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Sant' Anna

I was eager to find this one, not just because it’s the church of my name saint, but also because I wasn’t sure if this church was still standing or not (it’s not included on the Patriarch of Venice list which does include other closed and deconsecrated churches). I found Sant’ Anna and it’s there, barely, stripped and crumbling with broken windows.

The church of Sant’ Anna was built in 1242 along with a Benedictine convent and dedicated to St. Anne, the mother of Mary. The church was remodeled in 1634, and then the entire religious complex was suppressed and closed by the French in 1807. The convent later became a naval hospice and then private residences, but the church has just been sitting there for a couple of centuries. Five altars from Sant’Anna were moved to the church of San Biagio close to the Arsenale. The church building is no longer even owned by the Church, it’s now city property and who knows what if anything will ever be done with it.

Even so, there are a couple of good stories about this one, both connected to the nuns. The photo below shows the courtyard with the church to the left and the convent to the right.

Sant' Anna

By 1566, there were over 50 convents in Venice, most of them filled with noble-born nuns who were placed there for economic reasons by their families. Today it’s common to see nuns walking around cities in Italy, eating gelati or whatnot, but back then, a nun entered a convent and never left the premises until she died. Scary to think about.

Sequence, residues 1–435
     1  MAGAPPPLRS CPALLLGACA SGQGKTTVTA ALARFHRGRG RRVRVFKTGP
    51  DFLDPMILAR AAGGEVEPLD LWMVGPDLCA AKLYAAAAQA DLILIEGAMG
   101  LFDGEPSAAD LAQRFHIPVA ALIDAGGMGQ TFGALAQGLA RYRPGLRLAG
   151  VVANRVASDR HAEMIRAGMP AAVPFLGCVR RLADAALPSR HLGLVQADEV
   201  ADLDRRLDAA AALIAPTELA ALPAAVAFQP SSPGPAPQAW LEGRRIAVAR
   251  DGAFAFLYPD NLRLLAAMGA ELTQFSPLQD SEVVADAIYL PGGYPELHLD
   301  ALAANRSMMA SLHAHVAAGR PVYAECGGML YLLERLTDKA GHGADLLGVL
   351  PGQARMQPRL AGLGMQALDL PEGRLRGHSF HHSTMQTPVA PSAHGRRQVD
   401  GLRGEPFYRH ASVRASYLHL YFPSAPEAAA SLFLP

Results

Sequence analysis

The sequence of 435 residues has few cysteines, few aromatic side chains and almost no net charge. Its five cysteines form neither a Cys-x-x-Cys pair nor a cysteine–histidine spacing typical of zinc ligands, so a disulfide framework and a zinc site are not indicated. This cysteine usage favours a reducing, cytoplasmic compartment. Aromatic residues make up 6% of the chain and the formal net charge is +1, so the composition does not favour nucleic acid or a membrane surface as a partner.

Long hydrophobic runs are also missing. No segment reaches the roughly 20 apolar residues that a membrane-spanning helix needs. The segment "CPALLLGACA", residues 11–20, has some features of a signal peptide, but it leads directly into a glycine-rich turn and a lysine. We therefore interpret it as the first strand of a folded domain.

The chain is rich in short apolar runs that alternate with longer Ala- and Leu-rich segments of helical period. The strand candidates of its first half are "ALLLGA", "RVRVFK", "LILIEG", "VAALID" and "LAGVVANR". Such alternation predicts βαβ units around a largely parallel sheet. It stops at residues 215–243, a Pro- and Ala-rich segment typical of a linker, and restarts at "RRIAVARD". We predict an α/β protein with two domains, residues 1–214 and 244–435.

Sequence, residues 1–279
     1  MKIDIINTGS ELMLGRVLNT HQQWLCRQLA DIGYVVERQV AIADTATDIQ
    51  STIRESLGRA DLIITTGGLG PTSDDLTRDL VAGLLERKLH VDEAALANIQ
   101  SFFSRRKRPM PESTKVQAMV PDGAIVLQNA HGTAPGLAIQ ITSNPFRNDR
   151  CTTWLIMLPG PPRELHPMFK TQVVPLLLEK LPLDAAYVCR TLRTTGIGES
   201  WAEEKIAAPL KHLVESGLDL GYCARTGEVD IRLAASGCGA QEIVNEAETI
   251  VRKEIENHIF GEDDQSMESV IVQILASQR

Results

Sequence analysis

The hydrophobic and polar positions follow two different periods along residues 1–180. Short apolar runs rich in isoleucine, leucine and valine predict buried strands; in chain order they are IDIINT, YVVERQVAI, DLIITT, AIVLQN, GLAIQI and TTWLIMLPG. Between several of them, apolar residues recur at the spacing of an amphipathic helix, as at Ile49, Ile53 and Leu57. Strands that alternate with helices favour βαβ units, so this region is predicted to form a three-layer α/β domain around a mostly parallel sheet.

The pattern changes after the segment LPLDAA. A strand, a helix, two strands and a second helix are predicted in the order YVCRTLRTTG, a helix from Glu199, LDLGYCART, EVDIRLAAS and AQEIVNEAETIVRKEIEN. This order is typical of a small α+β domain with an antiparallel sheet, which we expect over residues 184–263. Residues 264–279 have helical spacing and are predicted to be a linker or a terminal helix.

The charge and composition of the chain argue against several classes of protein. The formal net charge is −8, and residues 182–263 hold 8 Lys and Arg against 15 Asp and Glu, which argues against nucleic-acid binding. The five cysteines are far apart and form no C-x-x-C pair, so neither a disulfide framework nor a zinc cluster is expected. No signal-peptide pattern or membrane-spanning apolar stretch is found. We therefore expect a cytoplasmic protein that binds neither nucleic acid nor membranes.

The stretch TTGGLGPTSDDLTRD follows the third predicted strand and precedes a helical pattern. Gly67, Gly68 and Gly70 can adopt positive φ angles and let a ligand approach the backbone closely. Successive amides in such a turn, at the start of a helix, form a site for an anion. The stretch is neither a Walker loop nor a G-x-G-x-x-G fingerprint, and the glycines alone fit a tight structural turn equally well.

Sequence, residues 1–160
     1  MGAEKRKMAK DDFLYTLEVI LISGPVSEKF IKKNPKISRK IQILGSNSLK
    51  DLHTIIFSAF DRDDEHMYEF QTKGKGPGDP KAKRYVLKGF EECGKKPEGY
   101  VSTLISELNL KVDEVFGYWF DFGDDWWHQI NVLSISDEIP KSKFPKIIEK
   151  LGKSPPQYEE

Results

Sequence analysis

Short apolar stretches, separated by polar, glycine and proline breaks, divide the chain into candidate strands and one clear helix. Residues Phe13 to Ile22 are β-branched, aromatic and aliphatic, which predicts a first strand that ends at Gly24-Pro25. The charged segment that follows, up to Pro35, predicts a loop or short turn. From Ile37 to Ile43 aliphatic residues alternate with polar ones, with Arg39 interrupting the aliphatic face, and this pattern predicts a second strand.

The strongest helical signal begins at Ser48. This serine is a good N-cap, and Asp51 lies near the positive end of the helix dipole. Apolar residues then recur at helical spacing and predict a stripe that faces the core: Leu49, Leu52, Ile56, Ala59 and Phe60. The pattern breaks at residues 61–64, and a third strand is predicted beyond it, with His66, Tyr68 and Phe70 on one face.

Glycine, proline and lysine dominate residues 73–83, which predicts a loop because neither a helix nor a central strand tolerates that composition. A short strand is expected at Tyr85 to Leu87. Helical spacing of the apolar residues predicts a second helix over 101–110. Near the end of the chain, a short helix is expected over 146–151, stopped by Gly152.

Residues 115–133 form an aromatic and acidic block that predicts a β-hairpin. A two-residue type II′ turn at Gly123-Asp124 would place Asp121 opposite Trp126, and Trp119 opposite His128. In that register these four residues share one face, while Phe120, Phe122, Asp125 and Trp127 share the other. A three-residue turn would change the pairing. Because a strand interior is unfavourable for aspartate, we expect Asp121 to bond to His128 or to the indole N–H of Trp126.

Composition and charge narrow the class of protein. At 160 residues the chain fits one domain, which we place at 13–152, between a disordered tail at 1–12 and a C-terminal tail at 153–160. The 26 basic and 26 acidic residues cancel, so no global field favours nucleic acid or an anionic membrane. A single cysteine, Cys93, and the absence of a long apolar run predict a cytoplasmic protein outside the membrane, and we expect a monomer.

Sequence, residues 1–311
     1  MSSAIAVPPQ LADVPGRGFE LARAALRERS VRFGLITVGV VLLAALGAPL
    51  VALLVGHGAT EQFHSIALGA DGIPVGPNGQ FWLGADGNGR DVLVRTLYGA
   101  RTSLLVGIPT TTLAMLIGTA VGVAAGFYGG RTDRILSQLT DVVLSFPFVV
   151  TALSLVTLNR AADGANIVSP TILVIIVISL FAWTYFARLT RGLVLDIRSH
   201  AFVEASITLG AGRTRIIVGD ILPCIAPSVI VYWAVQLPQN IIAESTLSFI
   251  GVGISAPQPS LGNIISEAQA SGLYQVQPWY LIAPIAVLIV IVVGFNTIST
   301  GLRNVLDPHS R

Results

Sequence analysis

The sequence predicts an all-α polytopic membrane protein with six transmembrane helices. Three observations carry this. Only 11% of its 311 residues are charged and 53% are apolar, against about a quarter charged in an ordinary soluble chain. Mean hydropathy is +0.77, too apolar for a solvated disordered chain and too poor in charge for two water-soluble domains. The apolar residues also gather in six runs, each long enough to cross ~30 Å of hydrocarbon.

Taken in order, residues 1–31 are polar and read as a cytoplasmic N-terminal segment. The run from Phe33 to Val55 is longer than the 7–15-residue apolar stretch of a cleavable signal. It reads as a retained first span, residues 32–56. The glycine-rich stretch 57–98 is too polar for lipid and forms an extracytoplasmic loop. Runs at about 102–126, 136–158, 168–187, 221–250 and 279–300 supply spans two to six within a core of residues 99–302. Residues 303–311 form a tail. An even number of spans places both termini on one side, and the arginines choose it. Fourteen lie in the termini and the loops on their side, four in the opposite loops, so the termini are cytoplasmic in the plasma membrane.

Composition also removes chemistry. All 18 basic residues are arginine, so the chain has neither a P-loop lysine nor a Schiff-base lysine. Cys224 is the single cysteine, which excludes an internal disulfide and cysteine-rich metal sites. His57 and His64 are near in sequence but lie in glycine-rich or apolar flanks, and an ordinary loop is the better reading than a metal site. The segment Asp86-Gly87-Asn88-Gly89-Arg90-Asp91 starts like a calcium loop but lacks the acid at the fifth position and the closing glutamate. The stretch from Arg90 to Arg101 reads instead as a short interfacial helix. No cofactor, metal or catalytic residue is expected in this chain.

Two of Tintoretto’s daughters were nuns at Sant’ Anna in the early 1600’s and for their church, they embroidered a silk altar cloth that was a copy of their father’s greatest painting, his “Crucifixion” in Scuola di San Rocco. Could they have picked a more ambitious project? The girls made this cloth as a tribute to their father after his death, and there’s a legend that one of them went blind while completing it. Sadly, this altar cloth is now lost. There’s a black and white photo of it in Mary Laven’s Virgins of Venice and it’s quite impressive.


And then there’s the amazing story of Elena Tarabotti, another Sant’ Anna nun. She was born in Venice in 1605 and had the bad fortune to be both lame and the oldest of six daughters, so when she was 11 years old, her family put her into the convent in order to save their dowry money for the more marriageable daughters. After she took the veil, her name was changed to Sister Arcangela, and she remained in the Sant’ Anna convent until her death in 1652.